Cookouts, fireworks and a rousing pops concert. On the Fourth of July, we hold these truths to be self-evidently American, right?
Perhaps -- but getting anyone to agree on what makes orchestral pops music pop is an altogether different question. In her 2009 bibliography, Orchestral "Pops" Music: A Handbook author Lucy Manning writes, "Pops implies a great array of music genres: from country, rock, jazz and Broadway musicals to familiar classical music." For the survey, Manning collected over 2000 orchestral works by 650 composers and grouped them in 25 categories.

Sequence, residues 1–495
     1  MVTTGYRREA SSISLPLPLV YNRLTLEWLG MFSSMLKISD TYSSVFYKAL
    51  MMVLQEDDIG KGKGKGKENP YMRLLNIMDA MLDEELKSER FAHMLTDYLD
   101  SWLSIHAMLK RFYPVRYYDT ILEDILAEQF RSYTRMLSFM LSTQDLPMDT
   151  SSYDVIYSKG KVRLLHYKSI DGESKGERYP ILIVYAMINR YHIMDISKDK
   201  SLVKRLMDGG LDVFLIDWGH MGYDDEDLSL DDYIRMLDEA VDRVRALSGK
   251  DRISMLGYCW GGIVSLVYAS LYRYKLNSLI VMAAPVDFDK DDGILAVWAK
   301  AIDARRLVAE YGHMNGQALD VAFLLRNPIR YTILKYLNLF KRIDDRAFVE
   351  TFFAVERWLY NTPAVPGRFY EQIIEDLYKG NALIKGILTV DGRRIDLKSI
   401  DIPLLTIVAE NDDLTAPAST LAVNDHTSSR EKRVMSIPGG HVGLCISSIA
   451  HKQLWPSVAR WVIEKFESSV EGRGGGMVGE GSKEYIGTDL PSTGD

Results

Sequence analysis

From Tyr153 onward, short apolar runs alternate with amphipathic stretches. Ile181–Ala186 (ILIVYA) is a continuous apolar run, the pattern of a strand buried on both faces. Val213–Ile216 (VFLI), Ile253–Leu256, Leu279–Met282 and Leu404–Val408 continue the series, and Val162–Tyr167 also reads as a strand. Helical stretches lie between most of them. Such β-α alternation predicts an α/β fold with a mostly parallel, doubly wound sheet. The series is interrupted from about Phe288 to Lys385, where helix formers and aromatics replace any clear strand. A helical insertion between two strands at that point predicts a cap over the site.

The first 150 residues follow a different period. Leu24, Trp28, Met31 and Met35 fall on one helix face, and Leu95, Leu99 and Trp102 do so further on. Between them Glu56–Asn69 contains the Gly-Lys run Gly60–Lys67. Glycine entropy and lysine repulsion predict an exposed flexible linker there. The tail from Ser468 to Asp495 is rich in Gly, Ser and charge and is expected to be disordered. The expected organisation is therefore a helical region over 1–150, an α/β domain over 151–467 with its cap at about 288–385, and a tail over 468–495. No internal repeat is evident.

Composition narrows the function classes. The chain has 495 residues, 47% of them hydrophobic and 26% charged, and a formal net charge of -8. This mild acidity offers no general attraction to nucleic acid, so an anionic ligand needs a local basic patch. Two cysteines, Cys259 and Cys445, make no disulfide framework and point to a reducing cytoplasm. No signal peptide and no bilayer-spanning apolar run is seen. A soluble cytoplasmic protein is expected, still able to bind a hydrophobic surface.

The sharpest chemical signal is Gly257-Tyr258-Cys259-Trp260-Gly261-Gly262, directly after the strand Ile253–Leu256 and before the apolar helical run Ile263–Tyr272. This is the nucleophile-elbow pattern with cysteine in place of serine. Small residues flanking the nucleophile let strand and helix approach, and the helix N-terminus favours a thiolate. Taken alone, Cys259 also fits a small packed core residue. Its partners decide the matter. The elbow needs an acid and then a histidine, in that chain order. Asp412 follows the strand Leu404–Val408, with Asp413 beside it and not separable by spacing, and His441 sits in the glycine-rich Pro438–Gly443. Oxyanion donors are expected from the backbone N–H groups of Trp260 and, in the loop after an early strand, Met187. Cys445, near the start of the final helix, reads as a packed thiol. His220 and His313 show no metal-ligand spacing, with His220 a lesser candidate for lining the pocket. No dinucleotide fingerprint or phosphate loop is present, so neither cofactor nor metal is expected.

Keith Lockhart, music director of the Boston Pops, notes that the pops format has changed as audiences have grown more fragmented. "What we’ve noticed over this last decade or decade-and-a-half is a separation of the audience into niche markets: an audience who wants only to come to Broadway concerts, an audience who wants to come to world music or something a bit more contemporary," he said. "What seems to be falling through the cracks is this idea of the one-size-fits-all pops concert."
So are pops the domain of movies scores, video-game soundtracks and crossover opera stars? Or are they best defined by the kind of light classics championed by the late Arthur Fiedler -- Strauss waltzes, Rossini overtures, Wagner preludes, patriotic works and pictorial pieces such as The Pines of Rome? What do you think makes for a great pops concert? Please leave your comments below.